For decades, car buyers viewed the concept of vehicle safety as a largely passive idea. Airbags, crumple zones and proper engineering are what kept passengers safe in the event of a crash. But in the past five years or so, we've focused a lot more onthat help prevent crashes in the first place. They boil down to two phrases: Active safety features and driver-assistance systems.
Subaru is doing its darndest to make its mass-market vehicles some of the best-equipped on the road for the price. And that's true of our . Yes, our long-roofed wagon costs $37,995 as it sits, but the reality is the extra coin largely isn't spent on the active safety gear.
The adaptive cruise control with lane centering, automatic emergency braking and lane-departure warning are all standard, no matter which Outback you buy. It's called EyeSight and it's all over Subaru's feel-good ads about safety. The only two extra safety features packed into our Outback are blind-spot monitors bundled with a cross-traffic alert system and reverse automatic emergency braking. The former is standard on the Outback Limited trim and above, while the latter comes bundled with another options package we opted for when optioning this vehicle.
I've continued to drive our Outback in all the conditions ripe for this technology to do its thing. Knock on wood, I haven't encountered anyone worthy of a post in the Idiots in Cars subreddit. But while just going about day-to-day driving, the technology is always on alert. Again, I'm lucky I haven't needed to experience automatic emergency braking or its pre-collision alert. That's also a stellar thing, too. The system isn't too sensitive and doesn't think any car making a slow right-hand turn into a plaza is the end of me. It's smarter than that and it reduces the sense of annoyance that often comes when automakers jam too much in all at once.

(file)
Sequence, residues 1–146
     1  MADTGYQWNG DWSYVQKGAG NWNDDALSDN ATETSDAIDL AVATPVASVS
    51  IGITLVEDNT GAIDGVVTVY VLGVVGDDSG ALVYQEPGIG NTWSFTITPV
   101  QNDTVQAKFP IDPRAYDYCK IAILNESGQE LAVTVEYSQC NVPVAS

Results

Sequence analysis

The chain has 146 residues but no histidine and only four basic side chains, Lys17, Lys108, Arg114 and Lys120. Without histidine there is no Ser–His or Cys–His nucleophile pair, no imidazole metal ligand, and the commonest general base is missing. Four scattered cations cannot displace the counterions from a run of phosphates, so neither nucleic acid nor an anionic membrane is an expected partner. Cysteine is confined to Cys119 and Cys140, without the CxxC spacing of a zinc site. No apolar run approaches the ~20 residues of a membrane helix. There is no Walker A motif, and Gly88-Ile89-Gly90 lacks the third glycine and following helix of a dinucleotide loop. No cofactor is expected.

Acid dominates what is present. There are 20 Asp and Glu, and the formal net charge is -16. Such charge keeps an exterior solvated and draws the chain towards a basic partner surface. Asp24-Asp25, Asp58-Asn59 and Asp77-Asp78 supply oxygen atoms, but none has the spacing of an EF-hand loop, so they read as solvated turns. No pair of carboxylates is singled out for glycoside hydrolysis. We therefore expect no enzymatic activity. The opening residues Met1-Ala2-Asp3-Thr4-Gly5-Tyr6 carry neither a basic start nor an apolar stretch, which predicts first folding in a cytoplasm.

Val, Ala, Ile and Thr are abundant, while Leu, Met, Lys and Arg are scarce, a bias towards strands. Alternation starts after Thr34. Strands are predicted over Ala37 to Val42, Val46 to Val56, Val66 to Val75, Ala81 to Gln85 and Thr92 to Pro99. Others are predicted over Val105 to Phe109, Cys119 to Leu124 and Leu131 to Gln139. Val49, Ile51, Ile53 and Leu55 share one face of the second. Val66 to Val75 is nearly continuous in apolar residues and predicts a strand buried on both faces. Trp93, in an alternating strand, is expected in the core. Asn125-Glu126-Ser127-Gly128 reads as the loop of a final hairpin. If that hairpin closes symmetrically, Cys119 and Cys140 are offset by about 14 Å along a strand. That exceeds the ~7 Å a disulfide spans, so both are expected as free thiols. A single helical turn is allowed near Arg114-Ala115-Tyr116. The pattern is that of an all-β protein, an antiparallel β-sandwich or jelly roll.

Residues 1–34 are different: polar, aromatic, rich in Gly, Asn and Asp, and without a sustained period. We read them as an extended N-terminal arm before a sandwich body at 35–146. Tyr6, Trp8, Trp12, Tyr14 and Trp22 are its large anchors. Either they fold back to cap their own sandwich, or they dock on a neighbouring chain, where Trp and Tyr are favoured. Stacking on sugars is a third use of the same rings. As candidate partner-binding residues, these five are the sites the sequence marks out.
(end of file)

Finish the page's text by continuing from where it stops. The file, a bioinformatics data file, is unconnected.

That's not to say EyeSight is perfect, of course. In my experience, the Outback's cameras have a very difficult time picking up what's actually a center line in the road. For example, I am super thankful my city finally repaved a lot of major roads in the area. Some areas aren't great, though, and instead, we got some lame patchwork lines that run about three inches away from the solid yellow line on some roads. Very often, EyeSight mistakes this freshly done tar line as the final road marking. The mix-up creates a whole lot of active safety-related fireworks going off inside the car. Yellow lights flash, on-screen messages pop up and the bing-bongs make me feel like I'm a game show winner. I now know why my colleague Andrew Krok turned this feature off when he first took delivery of our Outback.
I have to give average marks to the adaptive cruise control and below average marks for the lane centering system that you can also engage along with it. The adaptive cruise control is perfectly fine and does its job, but it lacks the natural sensation of slowing found in other systems. Meanwhile, the lane-centering system is a little too abrupt, at least for my liking. In the past, it made some questionable judgements and one too many jerky maneuvers for at speeds over 65 mph.
It might not be perfect, but what's most important is that anyone today can go home with a new Outback for around $28,000 and they'll receive every technology I wrote about in this story. That's impressive for under $30,000, especially considering it wasn't that long ago when these convenience were exclusively reserved for luxury cars. I wouldn't call our humbleluxurious, necessarily, but it sure is trusty and that's what matters most.